It's so nice not to listen to police sirens and taxies honking their horns but I'm afraid we might have woken Howie up earlier.
In the distance and getting closer I heard the sound of police sirens and in minutes two cruisers pulled into the driveway.
I could hear sirens in the background.
He drove directly home, knowing Cynthia would be terrified by his absence and the sound of sirens in the night.
The packed emergency area waiting room held a disreputable collection of weeping women, stoned teenagers and dirty derelicts, all talking at the same time over the background music of a near-constant scream of sirens hauling in more Saturday night victims.
During his residence in Thrace he joined the expedition of the Argonauts, whose leader Jason had been informed by Chiron that only by the aid of Orpheus would they be able to pass by the Sirens unscathed.
The Hesperides are, like the Sirens, possessed of the gift of delightful song.
16; presages recovery or death of patients); (4) the pelican (recalls its young to life by its own blood); (5) the owl (or nyktikorax; loves darkness and solitude); (6) the eagle (renews its youth by sunlight and bathing in a fountain); (7) the phoenix (revives from fire); (8) the hoopoe (redeems its parents from the ills of old age); (9) the wild ass (suffers no male besides itself); (1 o) the viper (born at the cost of both its parents' death); (I I) the serpent (sheds its skin; puts aside its venom before drinking; is afraid of man in a state of nudity; hides its head and abandons the rest of its body); (12) the ant (orderly and laborious; prevents stored grain from germinating; distinguishes wheat from barley on the stalk); (13) the sirens and onocentaurs (Isa.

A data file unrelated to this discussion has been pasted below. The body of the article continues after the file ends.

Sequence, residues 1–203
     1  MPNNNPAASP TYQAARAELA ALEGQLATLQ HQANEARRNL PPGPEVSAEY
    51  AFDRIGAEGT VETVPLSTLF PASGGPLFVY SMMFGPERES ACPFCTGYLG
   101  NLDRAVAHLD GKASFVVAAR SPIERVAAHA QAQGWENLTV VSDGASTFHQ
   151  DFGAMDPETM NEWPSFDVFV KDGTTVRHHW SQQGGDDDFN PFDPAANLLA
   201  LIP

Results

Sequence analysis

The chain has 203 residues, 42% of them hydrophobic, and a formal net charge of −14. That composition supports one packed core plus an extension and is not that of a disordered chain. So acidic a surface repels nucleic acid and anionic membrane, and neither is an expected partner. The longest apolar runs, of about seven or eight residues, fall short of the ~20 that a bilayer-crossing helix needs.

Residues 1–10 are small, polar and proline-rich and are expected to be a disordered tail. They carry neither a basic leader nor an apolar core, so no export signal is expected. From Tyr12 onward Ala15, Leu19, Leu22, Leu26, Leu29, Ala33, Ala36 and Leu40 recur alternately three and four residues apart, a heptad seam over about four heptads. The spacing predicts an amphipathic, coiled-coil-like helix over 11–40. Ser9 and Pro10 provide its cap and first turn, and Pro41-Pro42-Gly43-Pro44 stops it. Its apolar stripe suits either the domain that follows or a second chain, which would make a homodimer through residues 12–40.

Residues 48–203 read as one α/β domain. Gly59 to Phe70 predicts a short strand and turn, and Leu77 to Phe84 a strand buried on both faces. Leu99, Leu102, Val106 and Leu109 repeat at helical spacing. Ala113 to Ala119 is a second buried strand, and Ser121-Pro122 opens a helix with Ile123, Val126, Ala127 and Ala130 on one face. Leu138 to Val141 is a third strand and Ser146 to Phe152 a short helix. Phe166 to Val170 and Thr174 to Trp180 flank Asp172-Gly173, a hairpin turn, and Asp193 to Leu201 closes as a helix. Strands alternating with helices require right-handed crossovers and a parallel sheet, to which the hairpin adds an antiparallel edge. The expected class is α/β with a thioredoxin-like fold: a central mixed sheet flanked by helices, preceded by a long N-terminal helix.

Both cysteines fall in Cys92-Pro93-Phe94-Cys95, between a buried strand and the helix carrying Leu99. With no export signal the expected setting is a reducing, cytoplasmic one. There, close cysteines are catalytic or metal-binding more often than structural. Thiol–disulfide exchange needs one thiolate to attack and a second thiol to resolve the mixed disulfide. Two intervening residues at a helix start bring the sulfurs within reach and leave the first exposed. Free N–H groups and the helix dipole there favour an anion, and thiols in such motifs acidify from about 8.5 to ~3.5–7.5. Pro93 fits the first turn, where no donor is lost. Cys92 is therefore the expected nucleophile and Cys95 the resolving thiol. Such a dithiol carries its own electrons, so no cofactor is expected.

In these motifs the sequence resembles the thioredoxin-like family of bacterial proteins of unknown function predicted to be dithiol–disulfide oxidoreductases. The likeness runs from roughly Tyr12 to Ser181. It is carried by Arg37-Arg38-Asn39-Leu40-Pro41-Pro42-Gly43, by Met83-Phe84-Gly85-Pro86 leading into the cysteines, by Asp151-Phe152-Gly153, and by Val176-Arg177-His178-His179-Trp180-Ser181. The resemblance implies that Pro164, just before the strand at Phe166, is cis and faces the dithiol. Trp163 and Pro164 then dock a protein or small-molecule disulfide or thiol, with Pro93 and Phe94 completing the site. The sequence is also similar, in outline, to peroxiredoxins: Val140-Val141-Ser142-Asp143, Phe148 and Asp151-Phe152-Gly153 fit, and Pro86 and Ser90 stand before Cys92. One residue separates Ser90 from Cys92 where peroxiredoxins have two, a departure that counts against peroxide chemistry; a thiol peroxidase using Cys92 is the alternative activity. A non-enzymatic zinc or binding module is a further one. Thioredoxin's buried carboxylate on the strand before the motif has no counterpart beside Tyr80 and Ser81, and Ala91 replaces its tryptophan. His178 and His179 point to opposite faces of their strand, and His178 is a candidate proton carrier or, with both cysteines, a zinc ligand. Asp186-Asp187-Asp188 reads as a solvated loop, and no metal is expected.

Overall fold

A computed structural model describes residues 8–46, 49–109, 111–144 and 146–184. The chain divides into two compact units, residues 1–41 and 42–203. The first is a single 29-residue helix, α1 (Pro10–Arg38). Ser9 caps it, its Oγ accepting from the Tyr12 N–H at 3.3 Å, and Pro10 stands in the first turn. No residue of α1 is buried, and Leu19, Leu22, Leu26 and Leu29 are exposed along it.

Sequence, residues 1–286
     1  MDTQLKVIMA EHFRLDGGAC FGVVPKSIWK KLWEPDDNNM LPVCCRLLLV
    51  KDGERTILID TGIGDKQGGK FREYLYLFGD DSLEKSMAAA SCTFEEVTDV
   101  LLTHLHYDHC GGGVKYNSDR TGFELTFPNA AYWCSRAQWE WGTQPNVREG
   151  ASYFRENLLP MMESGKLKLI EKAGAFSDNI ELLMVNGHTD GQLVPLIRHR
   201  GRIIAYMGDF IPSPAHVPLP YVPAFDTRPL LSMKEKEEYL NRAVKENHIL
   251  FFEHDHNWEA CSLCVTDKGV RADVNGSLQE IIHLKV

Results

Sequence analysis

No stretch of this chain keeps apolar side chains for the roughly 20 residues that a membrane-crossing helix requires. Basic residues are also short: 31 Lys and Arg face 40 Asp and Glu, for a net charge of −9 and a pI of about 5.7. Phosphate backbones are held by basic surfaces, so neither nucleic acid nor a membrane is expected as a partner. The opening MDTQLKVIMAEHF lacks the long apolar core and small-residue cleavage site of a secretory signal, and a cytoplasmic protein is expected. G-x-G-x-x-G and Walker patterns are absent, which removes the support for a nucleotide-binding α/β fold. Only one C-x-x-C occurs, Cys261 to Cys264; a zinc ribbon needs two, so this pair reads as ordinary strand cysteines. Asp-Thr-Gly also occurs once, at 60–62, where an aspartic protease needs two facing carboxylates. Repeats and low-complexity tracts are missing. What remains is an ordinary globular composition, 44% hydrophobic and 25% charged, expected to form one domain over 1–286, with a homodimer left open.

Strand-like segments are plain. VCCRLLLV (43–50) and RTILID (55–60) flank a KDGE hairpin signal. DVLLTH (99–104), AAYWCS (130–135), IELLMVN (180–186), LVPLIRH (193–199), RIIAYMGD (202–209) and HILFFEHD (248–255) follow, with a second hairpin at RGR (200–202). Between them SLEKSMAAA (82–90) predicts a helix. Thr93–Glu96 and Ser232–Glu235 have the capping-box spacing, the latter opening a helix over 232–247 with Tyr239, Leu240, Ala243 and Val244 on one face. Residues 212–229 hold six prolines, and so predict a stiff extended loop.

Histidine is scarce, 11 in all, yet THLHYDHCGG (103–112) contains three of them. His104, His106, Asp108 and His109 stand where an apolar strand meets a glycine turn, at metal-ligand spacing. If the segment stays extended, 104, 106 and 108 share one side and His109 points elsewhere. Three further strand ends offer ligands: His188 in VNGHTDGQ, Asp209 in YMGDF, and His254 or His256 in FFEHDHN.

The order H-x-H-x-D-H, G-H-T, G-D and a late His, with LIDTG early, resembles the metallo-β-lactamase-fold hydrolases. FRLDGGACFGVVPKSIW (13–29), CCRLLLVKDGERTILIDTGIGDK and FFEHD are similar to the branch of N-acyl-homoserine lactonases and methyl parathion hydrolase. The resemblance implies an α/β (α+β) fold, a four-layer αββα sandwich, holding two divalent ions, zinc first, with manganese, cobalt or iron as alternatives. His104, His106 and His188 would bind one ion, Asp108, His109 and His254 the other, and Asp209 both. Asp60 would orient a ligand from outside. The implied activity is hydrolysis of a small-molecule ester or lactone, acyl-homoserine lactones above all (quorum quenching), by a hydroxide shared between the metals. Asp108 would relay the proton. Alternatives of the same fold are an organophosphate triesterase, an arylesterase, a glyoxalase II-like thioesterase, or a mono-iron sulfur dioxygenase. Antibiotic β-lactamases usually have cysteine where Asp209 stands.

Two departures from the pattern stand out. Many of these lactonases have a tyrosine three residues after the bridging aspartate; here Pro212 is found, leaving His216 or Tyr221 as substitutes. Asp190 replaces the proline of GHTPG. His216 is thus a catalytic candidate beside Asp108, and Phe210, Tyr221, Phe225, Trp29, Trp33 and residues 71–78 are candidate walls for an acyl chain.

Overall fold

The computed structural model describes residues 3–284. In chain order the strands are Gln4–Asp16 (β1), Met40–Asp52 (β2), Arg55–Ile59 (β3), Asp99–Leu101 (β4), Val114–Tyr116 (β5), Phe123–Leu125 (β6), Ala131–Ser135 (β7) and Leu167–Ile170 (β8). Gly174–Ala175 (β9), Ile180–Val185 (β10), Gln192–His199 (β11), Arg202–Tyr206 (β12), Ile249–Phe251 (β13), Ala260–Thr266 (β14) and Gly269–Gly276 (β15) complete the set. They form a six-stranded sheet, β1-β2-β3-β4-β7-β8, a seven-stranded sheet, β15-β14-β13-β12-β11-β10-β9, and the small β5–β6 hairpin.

Then they passed safely through Scylla and Charybdis, past the Sirens, through the Planctae, over the island of the Sun, Trinacria and on to Corcyra again, the land of the Phaeacians, where Jason and Medea held their nuptials.
SIREN, a name derived from the Greek Sirens (see below) for an acoustical signalling instrument specially used in lighthouses, &c. (see Lighthouse), and applied by analogy to certain other forms of whistle.
He has observed that in young specimens of Siren lacertina (the larva is still unknown) the gills are rudimentary and functionless, and that it is only in large adult specimens that they are fully developed in structure and function; he therefore concludes that the sirens are the descendants of a terrestrial type of batrachians, which passed through a metamorphosis like the other members of their class, but that more recently they have adopted a permanently aquatic life, and have resumed their branchiae by reversion.
When the Argonauts were passing by them, Orpheus sang so beautifully that no one had ears for the Sirens, who, since they were to live only until some one heard their song unmoved, flung themselves into the sea and were changed into sunken rocks (Apollodorus i.
(1880), who considers the Sirens to have been birds; W.
Many curious superstitions survive in the country districts, including the beliefs in witches (feitigeiras, bruxas) and werewolves (lobishomens); in sirens (sereias) which haunt the dangerous coast and lure fishermen to destruction; in fairies (fadas) and in many kinds of enchantment.
For the most part I escaped wonderfully from these dangers, either by proceeding at once boldly and without deliberation to the goal, as is recommended to those who run the gauntlet, or by keeping my thoughts on high things, like Orpheus, who, "loudly singing the praises of the gods to his lyre, drowned the voices of the Sirens, and kept out of danger."